John Bull's Other Island
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John Bull's Other Island

3.64 of 5 stars 3.64  ·  rating details  ·  152 ratings  ·  7 reviews present you this new edition. Great George Street, Westminster, is the address of Doyle and Broadbent, civil engineers. On the threshold one reads that the firm consists of Mr Lawrence Doyle and Mr Thomas Broadbent, and that their rooms are on the first floor. Most of their rooms are private; for the partners, being bachelors and bosom friends, live there; and...more
Paperback, 80 pages
Published June 1st 2006 by Echo Library (first published 1904)
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Jun 06, 2007 Sarah rated it 5 of 5 stars
Shelves: plays
I read this in my Irish Drama class my senior year of college, and was blown away. John Bull's Other Island is the only play Shaw wrote about Ireland, and he comes at it with a fascinating perspective. Powerful, intense, and as detailed as any of Shaw's work.
I know this is a weird play to give a five to ... a weird play in general to be one of only two of Shaw's plays to have read. It's not one of his more acclaimed (though it was popular upon its release), and gets bogged down by a lot of obscure Irish politics. But for whatever reason, this play really clicked for me. Everything seemed to make perfect sense. The character of Keegan is one that I will never forget, as well as the idea of the Irish "dreaming" which is present in so many Irish theatr...more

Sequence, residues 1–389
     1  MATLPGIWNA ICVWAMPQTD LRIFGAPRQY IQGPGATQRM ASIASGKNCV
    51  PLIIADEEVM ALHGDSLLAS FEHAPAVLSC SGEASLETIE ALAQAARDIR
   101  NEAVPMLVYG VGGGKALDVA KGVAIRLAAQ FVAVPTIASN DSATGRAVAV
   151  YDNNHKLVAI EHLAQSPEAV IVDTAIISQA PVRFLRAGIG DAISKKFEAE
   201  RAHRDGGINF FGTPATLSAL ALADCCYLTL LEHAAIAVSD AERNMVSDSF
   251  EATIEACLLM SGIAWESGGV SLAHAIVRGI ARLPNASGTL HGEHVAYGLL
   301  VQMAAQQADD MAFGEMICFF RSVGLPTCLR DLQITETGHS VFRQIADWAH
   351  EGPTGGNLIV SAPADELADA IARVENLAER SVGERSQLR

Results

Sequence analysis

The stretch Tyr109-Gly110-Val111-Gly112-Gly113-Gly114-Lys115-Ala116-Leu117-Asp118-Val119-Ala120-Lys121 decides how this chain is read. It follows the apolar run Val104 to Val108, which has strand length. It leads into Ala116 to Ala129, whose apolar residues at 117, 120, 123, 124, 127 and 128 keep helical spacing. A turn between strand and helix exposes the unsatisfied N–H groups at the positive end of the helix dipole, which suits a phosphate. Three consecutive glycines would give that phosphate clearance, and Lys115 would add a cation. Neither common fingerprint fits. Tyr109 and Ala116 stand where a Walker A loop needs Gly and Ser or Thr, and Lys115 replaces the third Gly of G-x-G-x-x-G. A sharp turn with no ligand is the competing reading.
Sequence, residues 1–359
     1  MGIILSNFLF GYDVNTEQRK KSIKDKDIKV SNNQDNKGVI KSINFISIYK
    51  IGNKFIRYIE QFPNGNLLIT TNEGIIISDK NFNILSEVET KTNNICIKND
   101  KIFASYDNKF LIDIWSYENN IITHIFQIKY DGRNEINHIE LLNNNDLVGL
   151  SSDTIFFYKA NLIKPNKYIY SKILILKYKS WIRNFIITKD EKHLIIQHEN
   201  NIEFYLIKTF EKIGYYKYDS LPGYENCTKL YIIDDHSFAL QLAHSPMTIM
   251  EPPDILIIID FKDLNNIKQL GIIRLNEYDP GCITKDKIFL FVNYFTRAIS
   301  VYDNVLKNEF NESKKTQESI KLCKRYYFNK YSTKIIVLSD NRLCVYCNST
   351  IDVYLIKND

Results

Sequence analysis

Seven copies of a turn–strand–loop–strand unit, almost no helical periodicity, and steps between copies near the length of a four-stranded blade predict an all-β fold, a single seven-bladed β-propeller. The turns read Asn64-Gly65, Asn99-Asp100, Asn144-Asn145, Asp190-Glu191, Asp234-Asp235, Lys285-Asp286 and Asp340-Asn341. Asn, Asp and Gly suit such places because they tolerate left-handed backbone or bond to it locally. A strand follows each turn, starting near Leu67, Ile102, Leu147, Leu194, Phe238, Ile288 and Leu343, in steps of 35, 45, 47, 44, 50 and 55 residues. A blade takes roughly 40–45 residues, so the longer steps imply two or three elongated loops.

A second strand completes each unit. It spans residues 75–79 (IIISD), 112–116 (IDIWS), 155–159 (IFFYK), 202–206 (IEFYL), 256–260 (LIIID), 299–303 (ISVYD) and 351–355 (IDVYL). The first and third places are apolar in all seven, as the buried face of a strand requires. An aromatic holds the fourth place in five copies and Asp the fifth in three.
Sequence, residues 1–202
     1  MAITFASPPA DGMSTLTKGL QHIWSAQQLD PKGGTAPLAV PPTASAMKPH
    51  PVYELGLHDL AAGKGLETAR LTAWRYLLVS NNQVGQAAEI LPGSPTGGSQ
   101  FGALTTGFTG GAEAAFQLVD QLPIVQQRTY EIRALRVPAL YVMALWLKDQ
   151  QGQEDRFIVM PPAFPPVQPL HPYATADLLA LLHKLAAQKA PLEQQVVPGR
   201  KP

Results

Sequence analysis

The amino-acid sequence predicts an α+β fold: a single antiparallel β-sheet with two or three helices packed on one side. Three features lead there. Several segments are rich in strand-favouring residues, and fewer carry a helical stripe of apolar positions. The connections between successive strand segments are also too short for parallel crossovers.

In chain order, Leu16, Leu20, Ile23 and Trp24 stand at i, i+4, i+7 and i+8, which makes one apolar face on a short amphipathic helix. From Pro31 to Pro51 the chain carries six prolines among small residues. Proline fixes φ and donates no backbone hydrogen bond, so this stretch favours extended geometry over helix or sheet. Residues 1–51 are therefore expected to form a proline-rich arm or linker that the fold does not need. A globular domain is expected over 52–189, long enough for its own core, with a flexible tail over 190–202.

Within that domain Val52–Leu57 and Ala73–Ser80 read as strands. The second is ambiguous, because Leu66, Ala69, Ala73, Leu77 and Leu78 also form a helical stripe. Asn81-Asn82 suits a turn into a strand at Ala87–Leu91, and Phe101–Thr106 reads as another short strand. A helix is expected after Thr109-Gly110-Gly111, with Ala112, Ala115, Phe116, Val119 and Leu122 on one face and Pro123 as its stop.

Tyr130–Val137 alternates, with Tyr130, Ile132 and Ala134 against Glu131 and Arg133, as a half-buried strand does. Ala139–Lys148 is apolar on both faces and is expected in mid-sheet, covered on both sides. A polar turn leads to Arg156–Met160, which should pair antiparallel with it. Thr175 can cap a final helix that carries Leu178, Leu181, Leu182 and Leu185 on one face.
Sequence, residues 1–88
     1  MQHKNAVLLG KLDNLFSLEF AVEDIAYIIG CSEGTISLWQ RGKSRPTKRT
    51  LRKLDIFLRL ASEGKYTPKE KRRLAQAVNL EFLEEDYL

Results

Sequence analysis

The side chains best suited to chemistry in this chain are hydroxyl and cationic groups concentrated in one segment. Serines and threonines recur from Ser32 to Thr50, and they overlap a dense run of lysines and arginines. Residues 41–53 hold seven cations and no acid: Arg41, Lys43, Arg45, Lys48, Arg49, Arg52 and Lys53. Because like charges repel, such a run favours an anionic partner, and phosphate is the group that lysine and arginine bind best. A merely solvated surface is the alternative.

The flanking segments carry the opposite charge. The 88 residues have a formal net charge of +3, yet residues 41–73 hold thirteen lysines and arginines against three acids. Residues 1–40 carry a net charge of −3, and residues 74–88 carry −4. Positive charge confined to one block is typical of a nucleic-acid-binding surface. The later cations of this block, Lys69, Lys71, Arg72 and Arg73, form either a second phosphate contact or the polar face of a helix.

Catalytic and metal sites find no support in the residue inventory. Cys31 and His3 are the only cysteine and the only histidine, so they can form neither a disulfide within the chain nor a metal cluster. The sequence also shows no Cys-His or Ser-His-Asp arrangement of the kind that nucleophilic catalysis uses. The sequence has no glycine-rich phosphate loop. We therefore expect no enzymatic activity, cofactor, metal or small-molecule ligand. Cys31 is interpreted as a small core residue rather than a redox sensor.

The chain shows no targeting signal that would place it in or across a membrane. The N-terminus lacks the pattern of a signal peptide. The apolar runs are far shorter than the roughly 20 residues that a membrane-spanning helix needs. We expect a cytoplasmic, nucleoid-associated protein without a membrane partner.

Daisy Leather
I really REALLY enjoyed this play. I think it was because it made me feel clever in a way, because doing Irish History for my A-level it made me understand the context in which it was written and the references to the different reforms and such. I thoroughly enjoyed the constant contrast between 'the Irishman' and 'the Englishman' throughout. Very well done Shaw. Enjoyed it as much as I did Pygmalion.
Jan 19, 2012 Leah rated it 3 of 5 stars
Shelves: plays
I liked this play a lot more right after I finished it--namely, before I read Shaw's introduction to it, learned more about how he hoped it would be interpreted, and felt dirty inside.

SO, 4 stars with my own interpretation, 2 with Shaw's, make it three.
Agustín Fest
Un humor que aprovecha el contraste entre ingleses e irlandeses. Los irlandeses... aquellos hombres que se definen como necios, como los que nunca hacen nada... me recordó a Dublineses (James Joyce). Este es el aspecto cómico.

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George Bernard Shaw was an Irish playwright, socialist, and a co-founder of the London School of Economics. Although his first profitable writing was music and literary criticism, in which capacity he wrote many highly articulate pieces of journalism, his main talent was for drama. Over the course of his life he wrote more than 60 plays. Nearly all his plays address prevailing social problems, but...more
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